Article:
It shocks and saddens me that he is gone. Selfishly I’d love another half dozen or dozen books. Given regular health I would have them.
I already miss him. I did not know him but I weep for his family and his friends. A freaking surprise.
I truly loved his work. I buy books years after they come out at used book sales for a buck. Theylast 2 books he wrote I bought one new and the other for like $8 bucks recently used. And I am a patient customer normally. That is how much I liked and anticipated his work.
I actually feel sad for myself a little because I won’t be able to read anymore of his books. Of the truly rich massively published authors of recent memory I loved his work the most.
He was brilliant I think as an author, a scientist or at least a science fictionist and as a Screenwriter as ER is an amazing show.
He was 66. It’s not that young. It’s not old, but it’s not young.
I was thinking about the books that I’ve read of Michael Crichton and realized that I’ve read a number of his books. My favorite book is a non-fiction one called Travels.
MichaelC #13: I loved those eBooks! Those were the first eBooks I bought (as opposed to downloading from Gutenberg) for my Mac laptop! Great dino sound effects!
I gasped out loud when I got the email about his passing.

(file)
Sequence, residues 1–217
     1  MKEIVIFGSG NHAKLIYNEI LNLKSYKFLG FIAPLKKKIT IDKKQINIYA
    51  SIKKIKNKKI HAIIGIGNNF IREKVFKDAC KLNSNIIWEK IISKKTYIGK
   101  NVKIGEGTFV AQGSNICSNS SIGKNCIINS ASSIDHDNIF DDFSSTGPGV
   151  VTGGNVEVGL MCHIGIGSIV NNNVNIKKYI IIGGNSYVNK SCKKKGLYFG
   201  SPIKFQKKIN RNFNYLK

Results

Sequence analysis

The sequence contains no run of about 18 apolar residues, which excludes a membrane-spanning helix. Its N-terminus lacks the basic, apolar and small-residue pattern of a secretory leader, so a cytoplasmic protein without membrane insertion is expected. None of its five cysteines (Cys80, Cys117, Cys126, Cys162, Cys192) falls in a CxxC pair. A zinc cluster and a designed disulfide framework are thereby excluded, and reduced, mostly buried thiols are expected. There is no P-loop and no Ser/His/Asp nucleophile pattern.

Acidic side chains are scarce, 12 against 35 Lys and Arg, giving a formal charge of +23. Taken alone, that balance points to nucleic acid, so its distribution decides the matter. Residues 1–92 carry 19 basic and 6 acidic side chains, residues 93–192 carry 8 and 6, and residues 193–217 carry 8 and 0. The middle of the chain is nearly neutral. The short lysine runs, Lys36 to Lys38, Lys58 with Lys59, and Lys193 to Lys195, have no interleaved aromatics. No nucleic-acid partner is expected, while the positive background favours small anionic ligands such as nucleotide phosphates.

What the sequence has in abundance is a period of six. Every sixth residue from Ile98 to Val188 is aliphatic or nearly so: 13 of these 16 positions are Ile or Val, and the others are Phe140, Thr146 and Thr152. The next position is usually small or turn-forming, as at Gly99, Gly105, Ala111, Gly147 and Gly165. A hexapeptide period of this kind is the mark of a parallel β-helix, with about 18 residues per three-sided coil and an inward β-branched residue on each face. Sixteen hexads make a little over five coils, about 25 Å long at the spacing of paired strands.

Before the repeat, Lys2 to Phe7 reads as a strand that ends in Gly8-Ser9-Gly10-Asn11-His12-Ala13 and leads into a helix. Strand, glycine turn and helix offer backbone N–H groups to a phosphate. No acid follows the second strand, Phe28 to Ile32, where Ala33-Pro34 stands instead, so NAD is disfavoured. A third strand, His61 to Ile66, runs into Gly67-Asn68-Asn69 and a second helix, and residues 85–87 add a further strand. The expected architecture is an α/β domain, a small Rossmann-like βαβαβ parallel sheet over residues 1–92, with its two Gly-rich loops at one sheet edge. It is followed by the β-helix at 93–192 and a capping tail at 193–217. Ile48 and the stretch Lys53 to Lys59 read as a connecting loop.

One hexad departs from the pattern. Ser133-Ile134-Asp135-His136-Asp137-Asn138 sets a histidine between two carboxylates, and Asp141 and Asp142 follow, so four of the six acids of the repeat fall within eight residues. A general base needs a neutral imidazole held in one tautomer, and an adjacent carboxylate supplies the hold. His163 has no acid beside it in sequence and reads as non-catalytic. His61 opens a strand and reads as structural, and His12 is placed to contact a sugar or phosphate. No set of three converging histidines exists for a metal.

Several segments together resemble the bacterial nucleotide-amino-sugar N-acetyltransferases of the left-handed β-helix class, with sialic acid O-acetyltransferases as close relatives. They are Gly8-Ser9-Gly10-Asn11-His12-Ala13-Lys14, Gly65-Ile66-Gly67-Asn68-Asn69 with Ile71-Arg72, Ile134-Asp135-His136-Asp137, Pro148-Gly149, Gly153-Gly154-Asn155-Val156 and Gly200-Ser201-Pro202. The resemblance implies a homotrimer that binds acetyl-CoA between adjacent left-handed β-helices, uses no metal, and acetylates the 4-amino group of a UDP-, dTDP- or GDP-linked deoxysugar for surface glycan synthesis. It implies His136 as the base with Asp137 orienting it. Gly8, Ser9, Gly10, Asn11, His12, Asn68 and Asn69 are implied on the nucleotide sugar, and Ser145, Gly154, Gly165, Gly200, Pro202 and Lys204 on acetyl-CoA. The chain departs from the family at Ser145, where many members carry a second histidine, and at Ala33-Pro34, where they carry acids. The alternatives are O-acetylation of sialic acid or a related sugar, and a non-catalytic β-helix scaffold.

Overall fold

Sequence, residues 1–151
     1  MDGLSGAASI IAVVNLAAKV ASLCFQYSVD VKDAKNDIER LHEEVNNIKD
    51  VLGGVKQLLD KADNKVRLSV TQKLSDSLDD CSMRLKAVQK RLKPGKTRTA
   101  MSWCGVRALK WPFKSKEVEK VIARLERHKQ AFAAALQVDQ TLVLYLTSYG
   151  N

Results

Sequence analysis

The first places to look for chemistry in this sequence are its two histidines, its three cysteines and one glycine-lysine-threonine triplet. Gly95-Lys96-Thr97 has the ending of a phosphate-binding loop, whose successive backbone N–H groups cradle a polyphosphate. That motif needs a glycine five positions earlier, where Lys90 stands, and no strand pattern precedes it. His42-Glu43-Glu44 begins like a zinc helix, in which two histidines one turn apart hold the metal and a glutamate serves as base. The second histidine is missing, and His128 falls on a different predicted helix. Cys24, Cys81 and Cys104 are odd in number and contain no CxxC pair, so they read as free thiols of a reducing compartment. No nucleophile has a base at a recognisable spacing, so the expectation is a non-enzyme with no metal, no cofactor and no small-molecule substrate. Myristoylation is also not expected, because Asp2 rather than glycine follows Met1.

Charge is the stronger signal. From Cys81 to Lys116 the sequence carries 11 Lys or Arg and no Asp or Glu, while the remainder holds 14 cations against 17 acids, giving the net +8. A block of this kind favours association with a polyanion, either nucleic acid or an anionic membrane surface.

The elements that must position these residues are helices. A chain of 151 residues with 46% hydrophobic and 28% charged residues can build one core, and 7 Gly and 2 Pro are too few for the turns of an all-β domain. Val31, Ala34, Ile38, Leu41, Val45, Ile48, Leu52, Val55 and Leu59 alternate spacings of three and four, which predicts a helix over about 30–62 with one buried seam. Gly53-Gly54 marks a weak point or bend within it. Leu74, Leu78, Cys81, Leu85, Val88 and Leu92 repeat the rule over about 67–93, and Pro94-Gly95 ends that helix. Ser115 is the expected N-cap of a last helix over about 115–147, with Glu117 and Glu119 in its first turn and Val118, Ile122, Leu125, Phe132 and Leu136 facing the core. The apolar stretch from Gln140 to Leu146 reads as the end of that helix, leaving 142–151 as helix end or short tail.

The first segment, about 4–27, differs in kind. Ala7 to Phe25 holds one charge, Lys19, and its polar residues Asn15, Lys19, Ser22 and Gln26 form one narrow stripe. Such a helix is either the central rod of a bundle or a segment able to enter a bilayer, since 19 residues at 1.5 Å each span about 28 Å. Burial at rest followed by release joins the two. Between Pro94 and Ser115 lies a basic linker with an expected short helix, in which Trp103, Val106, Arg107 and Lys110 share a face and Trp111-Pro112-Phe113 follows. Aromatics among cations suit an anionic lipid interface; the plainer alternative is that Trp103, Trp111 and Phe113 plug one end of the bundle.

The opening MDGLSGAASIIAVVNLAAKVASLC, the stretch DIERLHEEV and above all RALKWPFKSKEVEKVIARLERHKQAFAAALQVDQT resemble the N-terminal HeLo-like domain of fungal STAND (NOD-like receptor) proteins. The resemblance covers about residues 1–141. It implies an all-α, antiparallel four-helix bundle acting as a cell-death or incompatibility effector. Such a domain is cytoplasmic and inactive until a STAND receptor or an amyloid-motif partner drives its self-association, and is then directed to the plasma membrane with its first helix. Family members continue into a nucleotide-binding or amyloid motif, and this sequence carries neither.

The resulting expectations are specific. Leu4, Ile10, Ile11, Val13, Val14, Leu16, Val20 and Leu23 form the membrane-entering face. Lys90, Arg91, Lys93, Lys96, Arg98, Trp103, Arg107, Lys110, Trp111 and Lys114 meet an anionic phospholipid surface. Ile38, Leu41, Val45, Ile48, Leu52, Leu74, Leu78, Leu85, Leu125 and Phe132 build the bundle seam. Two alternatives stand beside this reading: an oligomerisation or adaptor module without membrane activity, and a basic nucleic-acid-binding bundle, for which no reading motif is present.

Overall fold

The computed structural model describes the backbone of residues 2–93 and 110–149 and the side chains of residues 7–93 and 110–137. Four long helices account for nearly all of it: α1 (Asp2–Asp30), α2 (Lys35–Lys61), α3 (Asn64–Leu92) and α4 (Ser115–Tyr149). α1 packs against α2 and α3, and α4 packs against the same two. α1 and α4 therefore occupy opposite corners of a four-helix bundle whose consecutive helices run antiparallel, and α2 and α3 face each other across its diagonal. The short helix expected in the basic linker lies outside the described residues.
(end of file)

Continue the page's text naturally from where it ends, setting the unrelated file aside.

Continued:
Crichton’s was the first science fiction I ever read.
I also have an action figure named after me because of him!
See, in Timeline, the assistant to Prof. Edward Johnston was Chris Hughes, which led to sentences like “‘Chris,’ Johnston said. …”
Got me kinda excited, ’cause I’d never seen a character in fiction with my name, so this was close enough.
Then, for the movie, they morphed the assistant into the professor’s son!
We can/should celebrate his amazing work, but we also can’t forget that he opted to use his monumental influence in a way that obscured rather than clarified the deadly peril to our world’s biosphere. If he’s no longer able to testify in front of Congressional committees that global warming is a bunch of BS, that’s a good thing for the planet . . .much as we might wish this had been a change of mind instead of a farewell to the body. rip.
I read a few of his novels, and particularly enjoyed “Jurassic Park,” as well as many of the film adaptations of his novels, especially “Andromeda Strain” and “Westworld” when I was a kid. My brother actually had (and LOST) the prop red aluminum key with the ‘radioactive’ symbol that was used in the film.
I have to say that I found a lot of his work leaning towards the misogynist, and his petty feud with a reviewer leading him to have a character in a subsequent book described as a small-penised homosexual child molester, with the same name as the reviewer, was really beneath him.
One mark of an interesting life is surely that, when you die, people are glad you’re dead because they disagreed with you. For a novelist to accomplish that—that’s one helluva career.
I suppose Heinlein had a bit of that, too.